Moving Towards God – Ego and Logismoi

Yet another note:

I am indebted for anything I know about ego and logismoi (which is, well, almost nothing) to Father Meletios Webber. For an explanation of ego and logismoi, check the first chapters of his book Bread&Water, Wine&Oil.

Ego and Logismoi

This is going to be unpopular – but ego is a major thing for us. Now, don’t immediately confuse ego with sin.

We on the autism spectrum are naturally more inclined to be egocentric. Our brains are less equipped to step outside our own ball of experiences and reactions, as our problems with empathy and tendency to get things connected in the wrong way shows. Our brains more easily get overwhelmed with stimuli and all sorts of input from the outside, and we protect ourselves by attempting, in any way we can, to limit the amount of ‘noise’ coming in. And if we don’t do that consciously, our brain will do it for us and just go haywire once the limit has been reached.

All of this combined means we often live more in our own world, with ego’s far more rigid than that of other people.

Now, a few paragraphs on ego and logismoi, as I’ve understood them. (I may have understood totally wrong!)

Ego is, basically, how we see ourselves and the world. A sort of story consisting of our views, our (sometimes paranoid) fears, our desires and expectations, all lumped together. And through it we see and react to the world around us.

Of course, in everyone, this ego is bound to be incorrect about a lot of things. It lashes out to defend from attack when there is no attack going on, likes to make its views known to everyone else (because obviously, we are right and others are wrong). Unfortunately others have their own ego, so this is unlikely to work. In fact, since every other ego will consider it an attack, the result can be nasty when none of the parties involved are capable of recognizing their ego and keeping it in check.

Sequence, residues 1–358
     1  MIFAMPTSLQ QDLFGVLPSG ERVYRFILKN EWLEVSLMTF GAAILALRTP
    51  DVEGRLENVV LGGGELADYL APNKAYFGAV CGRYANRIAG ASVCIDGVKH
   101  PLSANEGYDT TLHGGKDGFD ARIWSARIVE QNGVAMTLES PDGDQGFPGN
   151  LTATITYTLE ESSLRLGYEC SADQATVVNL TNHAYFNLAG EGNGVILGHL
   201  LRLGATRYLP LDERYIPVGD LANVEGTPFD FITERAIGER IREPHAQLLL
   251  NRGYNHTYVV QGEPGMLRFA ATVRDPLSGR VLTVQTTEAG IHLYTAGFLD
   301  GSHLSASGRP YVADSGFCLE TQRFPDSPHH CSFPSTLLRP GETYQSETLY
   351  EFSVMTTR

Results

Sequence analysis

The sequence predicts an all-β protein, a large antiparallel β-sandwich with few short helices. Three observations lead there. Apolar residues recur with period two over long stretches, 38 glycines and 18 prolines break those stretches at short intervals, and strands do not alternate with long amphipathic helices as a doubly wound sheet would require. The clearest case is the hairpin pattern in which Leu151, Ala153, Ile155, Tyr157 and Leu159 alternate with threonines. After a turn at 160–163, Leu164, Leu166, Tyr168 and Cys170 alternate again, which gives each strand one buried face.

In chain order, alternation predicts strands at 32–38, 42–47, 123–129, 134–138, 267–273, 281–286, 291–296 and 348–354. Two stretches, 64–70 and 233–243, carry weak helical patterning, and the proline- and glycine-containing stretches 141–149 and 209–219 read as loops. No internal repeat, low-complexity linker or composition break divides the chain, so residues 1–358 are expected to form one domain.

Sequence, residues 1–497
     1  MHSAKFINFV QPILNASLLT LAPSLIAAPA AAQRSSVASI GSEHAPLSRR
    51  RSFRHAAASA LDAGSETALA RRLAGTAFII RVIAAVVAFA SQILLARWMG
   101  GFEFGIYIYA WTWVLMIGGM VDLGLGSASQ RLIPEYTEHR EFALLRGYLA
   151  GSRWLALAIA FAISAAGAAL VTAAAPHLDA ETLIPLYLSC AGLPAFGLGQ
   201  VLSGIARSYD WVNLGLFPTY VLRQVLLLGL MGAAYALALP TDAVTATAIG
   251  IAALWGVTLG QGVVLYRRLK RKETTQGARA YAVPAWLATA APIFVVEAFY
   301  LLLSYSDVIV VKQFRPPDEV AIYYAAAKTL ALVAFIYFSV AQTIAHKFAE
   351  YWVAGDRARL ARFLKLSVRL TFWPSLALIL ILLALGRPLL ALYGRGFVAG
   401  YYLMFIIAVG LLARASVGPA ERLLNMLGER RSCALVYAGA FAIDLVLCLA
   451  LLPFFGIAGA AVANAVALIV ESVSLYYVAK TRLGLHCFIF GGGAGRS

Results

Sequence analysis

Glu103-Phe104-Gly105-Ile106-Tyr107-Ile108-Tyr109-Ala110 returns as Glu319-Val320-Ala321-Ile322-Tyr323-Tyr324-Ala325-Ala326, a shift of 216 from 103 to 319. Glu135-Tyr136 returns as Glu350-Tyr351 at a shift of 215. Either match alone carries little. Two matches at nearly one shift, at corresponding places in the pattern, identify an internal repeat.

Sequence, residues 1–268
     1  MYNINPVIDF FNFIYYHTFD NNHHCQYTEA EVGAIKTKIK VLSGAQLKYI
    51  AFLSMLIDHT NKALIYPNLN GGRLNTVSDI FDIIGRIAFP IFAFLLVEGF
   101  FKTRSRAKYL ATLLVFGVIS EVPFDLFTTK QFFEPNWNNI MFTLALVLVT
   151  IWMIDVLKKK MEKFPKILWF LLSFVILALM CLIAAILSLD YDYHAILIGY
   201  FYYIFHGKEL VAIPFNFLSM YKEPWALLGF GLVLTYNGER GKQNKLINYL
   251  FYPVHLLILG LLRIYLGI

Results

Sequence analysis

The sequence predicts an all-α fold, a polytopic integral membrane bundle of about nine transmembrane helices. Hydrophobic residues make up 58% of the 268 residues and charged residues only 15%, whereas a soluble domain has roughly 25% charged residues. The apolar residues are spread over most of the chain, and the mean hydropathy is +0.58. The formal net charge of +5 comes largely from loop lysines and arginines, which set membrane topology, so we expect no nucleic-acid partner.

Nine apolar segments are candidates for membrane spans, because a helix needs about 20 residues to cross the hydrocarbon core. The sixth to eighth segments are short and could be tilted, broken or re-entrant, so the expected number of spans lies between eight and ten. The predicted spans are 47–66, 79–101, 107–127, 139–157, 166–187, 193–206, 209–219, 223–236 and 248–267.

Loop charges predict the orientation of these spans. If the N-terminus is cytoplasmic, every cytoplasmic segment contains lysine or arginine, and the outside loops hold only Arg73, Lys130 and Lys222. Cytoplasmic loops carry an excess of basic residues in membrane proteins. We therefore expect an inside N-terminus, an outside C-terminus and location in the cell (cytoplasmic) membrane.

The ego seems to work in conjunction with logismoi, a constant stream of thoughts that, when left unchecked, is the starting point of almost every sin.

In all of this we have both an advantage and a disadvantage.

Because the minds of others are often closed to us, and we are already used to motivations being a complete mystery to us, we’re often also oblivious to the ego-boosting others indulge in. Stating a view, to us, is just that – stating a view, and an opportunity for an exchange. Yes, we may hold very rigidly to our views, more rigidly perhaps than others, but we do tend to react more factual than emotional. Many times, our own ego does not consider a challenge of our views an attack, although the challenge, especially an emotionally charged one, may puzzle us.

At the same time, the fact that others act in ways that confuse us and often cause very real pain – people not keeping appointments, changing views and instructions, or triggering one of our sensitivities by being loud, or touching, or any other way – may mean we consider ourselves under attack when the other person’s ego is not even involved at all and they are blissfully unaware of the problem they just caused. We may have difficulty relating to and rationalizing the other person’s motivations or ignorance of offense.